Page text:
J ust days before the tiny nation of Gibraltar was said to draft their first initial coin offering (ICO) regulations, Financial Market Supervisory Authority (FINMA) of Switzerland appears to have stolen its thunder in an eleven page document published today.
The government of Malta has come up with an idea that businesses dealing with cryptocurrencies may find interesting. A new policy document seeks to set up a special agency which will “certify” blockchain platforms and “verify” crypto transactions.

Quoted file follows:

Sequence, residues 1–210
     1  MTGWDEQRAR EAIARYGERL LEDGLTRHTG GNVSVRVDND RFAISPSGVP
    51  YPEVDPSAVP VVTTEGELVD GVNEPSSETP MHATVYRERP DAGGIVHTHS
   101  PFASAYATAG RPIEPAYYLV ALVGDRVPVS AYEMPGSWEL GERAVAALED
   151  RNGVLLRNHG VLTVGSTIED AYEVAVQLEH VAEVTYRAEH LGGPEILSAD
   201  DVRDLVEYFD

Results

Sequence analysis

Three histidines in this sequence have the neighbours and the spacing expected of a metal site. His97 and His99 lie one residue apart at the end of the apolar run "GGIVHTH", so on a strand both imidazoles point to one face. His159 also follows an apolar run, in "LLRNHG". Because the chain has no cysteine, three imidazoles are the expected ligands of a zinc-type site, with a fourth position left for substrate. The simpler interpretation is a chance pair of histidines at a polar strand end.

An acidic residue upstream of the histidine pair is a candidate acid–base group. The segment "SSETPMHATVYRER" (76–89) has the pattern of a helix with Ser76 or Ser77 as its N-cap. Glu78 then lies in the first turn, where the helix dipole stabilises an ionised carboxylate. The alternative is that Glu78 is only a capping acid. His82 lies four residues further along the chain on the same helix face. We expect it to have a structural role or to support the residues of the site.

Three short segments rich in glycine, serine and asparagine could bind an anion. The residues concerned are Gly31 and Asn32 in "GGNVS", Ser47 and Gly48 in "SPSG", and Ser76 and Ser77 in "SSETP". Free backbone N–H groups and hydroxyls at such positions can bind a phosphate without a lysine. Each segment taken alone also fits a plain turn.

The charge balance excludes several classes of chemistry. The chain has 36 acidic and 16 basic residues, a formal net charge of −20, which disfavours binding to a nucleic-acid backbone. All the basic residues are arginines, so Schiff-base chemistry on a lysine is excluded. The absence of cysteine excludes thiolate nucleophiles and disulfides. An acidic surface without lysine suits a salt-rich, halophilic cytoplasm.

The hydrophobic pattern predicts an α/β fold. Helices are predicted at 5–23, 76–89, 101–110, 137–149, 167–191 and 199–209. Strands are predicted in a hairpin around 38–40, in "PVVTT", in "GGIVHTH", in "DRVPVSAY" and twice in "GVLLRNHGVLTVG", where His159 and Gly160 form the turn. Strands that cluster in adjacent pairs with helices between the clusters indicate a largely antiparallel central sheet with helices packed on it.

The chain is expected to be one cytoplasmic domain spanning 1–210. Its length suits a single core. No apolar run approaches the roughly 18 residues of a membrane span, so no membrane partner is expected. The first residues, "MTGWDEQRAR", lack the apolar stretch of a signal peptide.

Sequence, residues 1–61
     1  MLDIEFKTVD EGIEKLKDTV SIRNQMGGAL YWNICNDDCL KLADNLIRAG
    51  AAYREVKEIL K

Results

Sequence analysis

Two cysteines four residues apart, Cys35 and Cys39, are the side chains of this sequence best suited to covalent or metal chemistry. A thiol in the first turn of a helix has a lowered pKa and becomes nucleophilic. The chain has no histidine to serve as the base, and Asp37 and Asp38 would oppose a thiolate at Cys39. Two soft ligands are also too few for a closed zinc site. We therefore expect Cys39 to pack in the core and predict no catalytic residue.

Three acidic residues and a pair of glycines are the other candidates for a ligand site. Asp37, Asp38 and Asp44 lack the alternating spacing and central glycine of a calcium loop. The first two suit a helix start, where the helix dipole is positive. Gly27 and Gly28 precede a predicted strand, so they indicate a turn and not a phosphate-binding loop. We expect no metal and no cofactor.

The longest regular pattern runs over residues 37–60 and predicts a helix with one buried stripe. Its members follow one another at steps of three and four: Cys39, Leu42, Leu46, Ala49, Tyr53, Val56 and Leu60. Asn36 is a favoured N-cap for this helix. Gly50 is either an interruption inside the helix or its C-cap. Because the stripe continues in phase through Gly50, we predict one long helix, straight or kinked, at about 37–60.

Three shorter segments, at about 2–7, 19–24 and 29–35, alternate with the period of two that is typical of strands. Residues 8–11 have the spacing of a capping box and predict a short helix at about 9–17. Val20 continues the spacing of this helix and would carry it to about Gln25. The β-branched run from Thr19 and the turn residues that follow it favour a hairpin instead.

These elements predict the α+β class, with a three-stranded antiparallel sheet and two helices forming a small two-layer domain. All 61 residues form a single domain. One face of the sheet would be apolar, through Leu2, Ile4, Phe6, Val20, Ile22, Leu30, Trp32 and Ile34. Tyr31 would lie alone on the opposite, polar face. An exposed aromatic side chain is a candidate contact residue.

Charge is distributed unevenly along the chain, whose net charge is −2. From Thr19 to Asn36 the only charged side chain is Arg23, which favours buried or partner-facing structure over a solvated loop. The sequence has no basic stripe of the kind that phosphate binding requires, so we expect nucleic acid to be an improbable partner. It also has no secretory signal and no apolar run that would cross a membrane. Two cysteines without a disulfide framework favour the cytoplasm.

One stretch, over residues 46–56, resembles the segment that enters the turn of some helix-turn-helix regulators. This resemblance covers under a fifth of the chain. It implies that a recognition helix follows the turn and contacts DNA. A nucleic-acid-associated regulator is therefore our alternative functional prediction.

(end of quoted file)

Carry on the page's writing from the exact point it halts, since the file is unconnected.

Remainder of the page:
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Once upon a time initial coin offerings were open to everyone. That time was last year, and since then gaining entry to ICOs has become increasingly difficult. In response to regulatory attention from the SEC, crypto startups have begun to perform due diligence on aspiring investors.
Several Government websites have been secretly forcing visitors’ computers to mine bitcoin alternative monero for cyber criminals. One of the affected sites – that of the Information Commissioner’s Office – was temporarily taken down as a result.
The Russian government is drafting a bill to introduce the accreditation of initial coin offering issuers. Accredited organizations must comply with a set of rules, including having 100 million rubles capital, and are subject to inspections every three years.